A billion dollar desalination plant is turning salt water into drinking water for drought-plagued Southern California.
The Claude “Bud” Lewis Carlsbad Desalination Plant named for the former mayor of Carlsbad, is producing 50 million gallons of fresh water every day south of Los Angeles— enough for 400,000 people. That’s about 10% of the region’s water supply.
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Fifteen more plants are under consideration along the California coast.
Water from the Pacific Ocean is pumped through long, cylindrical filters which remove salt, then on to a water treatment plant miles away where it’s added to the rest of the region’s water supply before being piped to customers.
The plant was conceived during a 1991 drought, and comes online as California is in the midst of another, prolonged, one.
Environmentalists have worried the plant would allow the San Diego County region to roll back water conservation measures. The region has avoided a water shortage during the drought by sticking to strict water use practices. Area planners say the plant is another tool, along with conservation, for dealing with future droughts and will be carbon neutral.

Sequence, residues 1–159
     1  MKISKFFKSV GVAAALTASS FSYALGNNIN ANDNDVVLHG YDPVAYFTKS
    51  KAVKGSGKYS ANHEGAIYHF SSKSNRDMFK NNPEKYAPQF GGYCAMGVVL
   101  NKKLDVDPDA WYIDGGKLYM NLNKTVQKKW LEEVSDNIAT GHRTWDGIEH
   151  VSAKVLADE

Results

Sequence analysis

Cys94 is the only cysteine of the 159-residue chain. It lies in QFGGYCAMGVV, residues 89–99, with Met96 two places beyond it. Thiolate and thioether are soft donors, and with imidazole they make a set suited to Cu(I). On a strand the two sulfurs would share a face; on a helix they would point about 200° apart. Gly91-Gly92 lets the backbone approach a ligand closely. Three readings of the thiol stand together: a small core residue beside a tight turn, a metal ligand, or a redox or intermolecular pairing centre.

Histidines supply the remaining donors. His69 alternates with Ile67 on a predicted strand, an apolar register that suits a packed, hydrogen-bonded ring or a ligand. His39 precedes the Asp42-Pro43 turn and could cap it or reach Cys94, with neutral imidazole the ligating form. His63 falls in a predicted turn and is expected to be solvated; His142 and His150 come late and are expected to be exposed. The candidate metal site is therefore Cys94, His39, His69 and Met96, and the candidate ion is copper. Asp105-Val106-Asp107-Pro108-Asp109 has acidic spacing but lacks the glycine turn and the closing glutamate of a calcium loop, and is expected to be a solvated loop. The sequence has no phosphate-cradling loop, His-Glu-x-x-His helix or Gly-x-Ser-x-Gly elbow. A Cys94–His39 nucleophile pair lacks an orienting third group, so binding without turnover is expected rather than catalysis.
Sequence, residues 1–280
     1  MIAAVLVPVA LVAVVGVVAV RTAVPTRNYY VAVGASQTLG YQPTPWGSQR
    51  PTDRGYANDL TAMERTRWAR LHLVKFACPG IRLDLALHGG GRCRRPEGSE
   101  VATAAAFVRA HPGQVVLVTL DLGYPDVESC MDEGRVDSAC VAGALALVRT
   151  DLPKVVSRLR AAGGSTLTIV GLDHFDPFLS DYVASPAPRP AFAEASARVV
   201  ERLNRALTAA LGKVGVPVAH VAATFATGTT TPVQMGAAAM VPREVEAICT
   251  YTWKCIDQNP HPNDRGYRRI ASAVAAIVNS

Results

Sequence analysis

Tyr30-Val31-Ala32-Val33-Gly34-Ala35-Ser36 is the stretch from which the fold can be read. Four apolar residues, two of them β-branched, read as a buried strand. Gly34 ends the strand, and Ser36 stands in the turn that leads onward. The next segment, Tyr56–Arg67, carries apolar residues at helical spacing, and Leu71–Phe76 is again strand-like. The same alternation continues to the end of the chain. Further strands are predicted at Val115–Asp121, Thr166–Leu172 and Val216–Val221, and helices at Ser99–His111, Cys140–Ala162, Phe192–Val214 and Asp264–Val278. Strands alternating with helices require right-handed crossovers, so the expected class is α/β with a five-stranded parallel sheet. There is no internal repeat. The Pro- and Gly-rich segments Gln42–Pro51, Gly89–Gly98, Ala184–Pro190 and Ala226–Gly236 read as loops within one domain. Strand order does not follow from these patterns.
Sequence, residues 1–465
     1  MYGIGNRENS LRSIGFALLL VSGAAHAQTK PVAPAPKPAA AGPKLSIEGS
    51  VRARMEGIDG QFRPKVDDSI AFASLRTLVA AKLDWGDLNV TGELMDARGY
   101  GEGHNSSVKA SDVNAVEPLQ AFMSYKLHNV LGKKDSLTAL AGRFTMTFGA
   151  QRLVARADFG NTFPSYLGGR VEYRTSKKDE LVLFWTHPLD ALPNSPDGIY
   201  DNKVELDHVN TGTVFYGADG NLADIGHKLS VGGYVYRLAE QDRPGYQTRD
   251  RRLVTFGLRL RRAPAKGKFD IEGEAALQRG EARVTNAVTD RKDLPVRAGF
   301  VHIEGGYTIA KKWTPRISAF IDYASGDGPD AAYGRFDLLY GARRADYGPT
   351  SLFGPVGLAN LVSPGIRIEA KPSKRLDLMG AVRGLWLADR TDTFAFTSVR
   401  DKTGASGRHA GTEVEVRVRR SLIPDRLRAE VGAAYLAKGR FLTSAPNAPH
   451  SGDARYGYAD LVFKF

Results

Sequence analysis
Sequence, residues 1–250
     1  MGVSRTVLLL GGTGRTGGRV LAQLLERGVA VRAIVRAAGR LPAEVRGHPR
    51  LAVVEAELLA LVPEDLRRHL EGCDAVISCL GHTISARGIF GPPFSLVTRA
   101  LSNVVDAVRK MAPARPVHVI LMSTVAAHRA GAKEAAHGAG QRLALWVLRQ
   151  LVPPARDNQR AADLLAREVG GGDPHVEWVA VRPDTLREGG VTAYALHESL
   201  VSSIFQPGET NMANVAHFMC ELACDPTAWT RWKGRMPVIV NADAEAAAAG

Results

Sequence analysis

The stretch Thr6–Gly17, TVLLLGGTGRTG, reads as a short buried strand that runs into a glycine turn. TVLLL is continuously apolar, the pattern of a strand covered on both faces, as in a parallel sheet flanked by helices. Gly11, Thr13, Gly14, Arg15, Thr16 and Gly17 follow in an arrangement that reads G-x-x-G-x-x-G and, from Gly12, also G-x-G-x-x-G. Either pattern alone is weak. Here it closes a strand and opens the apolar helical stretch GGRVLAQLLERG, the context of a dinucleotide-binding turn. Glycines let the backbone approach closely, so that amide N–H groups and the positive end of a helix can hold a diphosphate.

To leave a zero carbon footprint, the company operating the plant is voluntarily offsetting carbon emissions from power plants by buying carbon offsets, Renewable Energy Certificates and investing in projects that offset carbon emissions, such as reforestation.
(WATCH the video from KGTV News below and READ more at the San Diego Union Tribune)